Planning on visiting Australia and want to know what at the best things to do in Darwin? Australia’s smallest capital, Darwin sits in the centre-north of the country, facing the Timor Sea to the north and thousands of miles of dusty outback to the south. Its neighbourhood is one of the most dramatic climates on this planet, with a distinct hot and dry season – it doesn’t rain at all for six months a year, and constantly floods for the next six.
Despite this, lots of funky animals live around Darwin – it’s this area that really pays homage to Australia’s reputation for having the most lethal creatures in the world.
Saltwater crocodiles, box jellyfish, taipan snakes and bull sharks all call this area of the Northern Territory home – and while you won’t be running into any of these creatures on the streets of urban Darwin, there are reminders of them lurking all over the territory.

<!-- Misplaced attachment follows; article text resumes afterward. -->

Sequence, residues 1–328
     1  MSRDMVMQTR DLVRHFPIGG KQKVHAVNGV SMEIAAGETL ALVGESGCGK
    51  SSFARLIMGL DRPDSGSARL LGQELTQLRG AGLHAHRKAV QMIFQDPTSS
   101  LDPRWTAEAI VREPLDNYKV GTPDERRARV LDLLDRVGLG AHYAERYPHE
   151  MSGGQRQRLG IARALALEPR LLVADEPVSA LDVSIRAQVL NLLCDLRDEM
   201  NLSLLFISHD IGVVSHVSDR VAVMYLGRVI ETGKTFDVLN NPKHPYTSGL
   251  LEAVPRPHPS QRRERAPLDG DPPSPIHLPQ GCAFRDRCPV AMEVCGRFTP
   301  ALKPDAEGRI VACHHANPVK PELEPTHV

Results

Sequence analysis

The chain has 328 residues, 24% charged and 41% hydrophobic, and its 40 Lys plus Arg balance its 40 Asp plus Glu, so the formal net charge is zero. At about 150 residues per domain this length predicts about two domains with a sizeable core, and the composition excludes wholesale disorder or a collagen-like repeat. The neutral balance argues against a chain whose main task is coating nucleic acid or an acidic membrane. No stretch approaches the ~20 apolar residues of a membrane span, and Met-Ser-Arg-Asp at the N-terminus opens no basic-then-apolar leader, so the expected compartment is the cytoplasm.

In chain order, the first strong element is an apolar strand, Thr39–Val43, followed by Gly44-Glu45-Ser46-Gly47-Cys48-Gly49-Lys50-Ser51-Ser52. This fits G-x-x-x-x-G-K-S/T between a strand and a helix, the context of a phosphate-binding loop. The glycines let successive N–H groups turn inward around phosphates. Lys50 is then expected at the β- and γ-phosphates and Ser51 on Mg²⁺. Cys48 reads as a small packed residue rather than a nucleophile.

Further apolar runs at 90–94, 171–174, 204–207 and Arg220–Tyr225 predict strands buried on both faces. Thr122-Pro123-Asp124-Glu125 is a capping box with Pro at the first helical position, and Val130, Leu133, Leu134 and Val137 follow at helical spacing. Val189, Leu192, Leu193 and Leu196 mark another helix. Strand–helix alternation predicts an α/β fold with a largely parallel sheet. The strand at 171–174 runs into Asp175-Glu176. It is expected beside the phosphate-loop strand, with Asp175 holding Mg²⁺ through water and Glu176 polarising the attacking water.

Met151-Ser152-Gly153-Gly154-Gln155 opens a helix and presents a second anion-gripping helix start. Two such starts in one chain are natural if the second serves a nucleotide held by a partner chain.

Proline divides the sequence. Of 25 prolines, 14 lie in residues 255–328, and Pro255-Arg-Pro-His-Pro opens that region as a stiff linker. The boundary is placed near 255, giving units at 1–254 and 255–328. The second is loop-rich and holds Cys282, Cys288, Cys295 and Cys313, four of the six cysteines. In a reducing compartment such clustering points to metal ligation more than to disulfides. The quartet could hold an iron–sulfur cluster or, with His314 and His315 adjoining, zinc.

So have I sold this small, sweltering, overdramatic city which is surrounded by potentially lethal animals to you yet? If not, let me tell you about the spectacular scenery that such a harsh wet and dry season creates. The national parks surrounding Darwin are out of this world: with waterfalls, plateaus, riverbeds and many more landscapes to explore.
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Or what about the fascinating Indigenous culture that calls the Top End home? As Aboriginal people originally travelled to Australia from Asia, Darwin was one of the first places that they reached and settled in.
And it was a long time ago; there is rock art around the area dating back 40,000 years. This has resulted in a great deal of cultural development and history that is just waiting to be explored in Darwin and the surrounding areas!